Difference between revisions of "Peer-reviewed research"

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Revision as of 02:59, 1 July 2020

Bitcoin has been a research topic since the beginning. Here are some peer-reviewed papers, grouped by subject:

BIP 0032: HD Wallets

Douglas Stebila (January 26, 2015). "Hierarchical Deterministic Bitcoin wallets that tolerate key leakage". Financial Cryptography and Data Security (2015).

The paper explains how BIP-32 allows for key leakage if used incorrectly, and proposes an alternate scheme.


The authors explain covenants, what they are, and what they enable.

BIP 0156: More anonymous transaction propagation (Dandelion)

Brad Denby, Andrew Miller, Giulia Fanti, Surya Bakshi, Shaileshh Bojja Venkatakrishnan, Pramod Viswanath (June 2017). "Dandelion: Redesigning the Bitcoin Network for Anonymity". Proceedings of the Association for Computing Machinery on Measurement and Analysis of Computing Systems.

Dandelion allows for more anonymous transaction propagation. Unfortunately, it is difficult to implement without enabling DoS attacks, so it hasn't been merged into Bitcoin Core.

BIP 0330: Erlay (efficient transaction relay)

Naumenko, Gleb; Wuille, Pieter (November 2019). "Erlay: Efficient Transaction Relay for Bitcoin". CCS: Proceedings of the ACM SIGSAC Conference on Computer and Communications Security (2019): 817–831. doi:10.1145/3319535.3354237.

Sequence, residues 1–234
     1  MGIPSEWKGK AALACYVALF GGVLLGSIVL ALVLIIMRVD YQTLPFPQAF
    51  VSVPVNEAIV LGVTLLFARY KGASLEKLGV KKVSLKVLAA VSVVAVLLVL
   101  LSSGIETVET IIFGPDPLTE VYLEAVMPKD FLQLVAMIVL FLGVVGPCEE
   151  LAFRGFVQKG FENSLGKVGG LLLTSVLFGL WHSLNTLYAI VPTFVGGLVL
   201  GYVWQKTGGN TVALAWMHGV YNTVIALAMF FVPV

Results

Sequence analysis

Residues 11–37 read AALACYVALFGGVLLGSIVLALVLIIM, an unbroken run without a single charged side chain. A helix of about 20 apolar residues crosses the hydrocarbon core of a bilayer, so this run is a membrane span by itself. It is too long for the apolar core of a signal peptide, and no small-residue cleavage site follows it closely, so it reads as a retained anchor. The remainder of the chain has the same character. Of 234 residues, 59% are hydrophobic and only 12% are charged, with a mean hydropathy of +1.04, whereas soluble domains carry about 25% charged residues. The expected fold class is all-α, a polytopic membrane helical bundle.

Erlay not only reduces the bandwidth consumption by 40% assuming current connectivity, but also keeps the bandwidth use almost constant as the connectivity increases. In contrast, the existing protocol increases the bandwidth consumption linearly with the number of connections. By allowing more connections at a small cost, Erlay improves the security of the Bitcoin network.

Atomic cross-chain swaps

Maurice Herlihy (18 May 2018). "Atomic Cross-Chain Swaps" (PDF). Proceedings of the Twenty-second Annual Symposium on Principles of Distributed Computing 2018.

'Cross-chain' means that the swap happens between two different blockchains, e.g. testnet and mainnet. 'Atomic' means that the swap either happens in full, or no swap happens.

Formal model of Bitcoin transactions

Nicola Atzei, Massimo Bartoletti, Stefano Lande, Roberto Zunino (August 29, 2019). "A formal Model of Bitcoin Transactions". Financial Cryptography and Data Security 2018.

The paper defines a transaction as a tuple, and time-locks implemented in opcodes are abstracted over. The result is a model that resembles bitcoin but avoids thinking about details like script interpretation. By simplifying the model like this, it can be easier to analyse.